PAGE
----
It drives me nuts when I go into a wineshop, hoping to find something interesting and different, that may take me a bit out of my comfort zone but will totally suit my palate, only to have the shop guy crush my hopes right after “Hello.” I usually go incognito, as an average wine consumer, to see how they handle me, what questions they ask, and what wines they steer me toward. Too often, their only question is, “Red or white?” before they point me to whatever they are trying to get off their shelves.
They turn me off when they tell me what’s most popular, because frankly, I don’t want to think that I have an “average” palate. Do you? The lemming mentality is at least partially responsible for the sameness in many oaky California chardonnays. “If the neighbor kids jumped off a bridge, would you jump, too?!” (Depends on the height of the bridge, the heat of the day, and the depth of the water below.) There are some popular wines that I also enjoy, but there is a special pleasure in finding something new to introduce to my wine-loving, bridge-jumping friends.
It doesn’t help to tell me what they personally like unless they talk about why they like it, and start by making an effort to try to establish if our palates are similar. Without some frame of reference, I could be taking home a bottle recommended by someone who would rhapsodize over something I would pour down the drain.
For the same reason, I have no interest in wine ratings, because I know that I don’t care for many highly numbered wines. I found this out the hard way, when I was young and foolish and easily impressed. I won’t discount a wine just because it has a high ranking, but I’ll do my best to determine if I will like it before I plunk down my hard earned cash. That requires a recommendation from someone I know and trust, and who knows my palate.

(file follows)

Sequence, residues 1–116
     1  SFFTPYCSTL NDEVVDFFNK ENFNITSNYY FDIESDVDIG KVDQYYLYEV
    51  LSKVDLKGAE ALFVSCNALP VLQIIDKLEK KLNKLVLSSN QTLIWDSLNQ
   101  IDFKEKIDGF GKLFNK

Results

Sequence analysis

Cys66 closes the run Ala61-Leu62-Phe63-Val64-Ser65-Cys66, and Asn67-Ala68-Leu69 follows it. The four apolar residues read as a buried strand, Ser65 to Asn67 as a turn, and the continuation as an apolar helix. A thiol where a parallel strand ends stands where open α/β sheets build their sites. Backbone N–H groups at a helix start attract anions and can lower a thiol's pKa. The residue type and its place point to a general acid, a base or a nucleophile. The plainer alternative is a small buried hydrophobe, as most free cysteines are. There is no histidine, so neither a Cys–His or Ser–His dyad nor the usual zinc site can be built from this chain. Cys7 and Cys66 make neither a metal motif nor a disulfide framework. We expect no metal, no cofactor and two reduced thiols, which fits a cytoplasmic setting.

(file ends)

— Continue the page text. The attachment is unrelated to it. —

Don’t get me wrong – I am all in favor of building a good relationship with a couple wineshops, so they can get to know me well (and hopefully I’ll get to know them, too). However, it only takes a minute to ask the average wine drinker some important questions, that might make all the difference in their enjoyment of the wine they take home. After all, the wineshops love repeat business.
This is what I would ask if I were in their shoes:
1) Will you be sipping it on its own or having it with food?
2) What kind of food?
3) What wines have you enjoyed in the past, and what did you like about them?
4) When you’ve had wines you didn’t like, what was it about them that put you off?
5) Are you looking for something to enjoy right away, or put away for a few years?
6) Do you prefer challenging yet rewarding wine experiences, or just something easy to drink?
7) What price range are you looking for?
Once we’ve established a relationship, maybe by my second or third visit, then it’s time to ask the fun questions:
8) What was the best wine experience you ever had?
9) What was the worst?
So please tell me your #8 and #9. I’d love to hear them!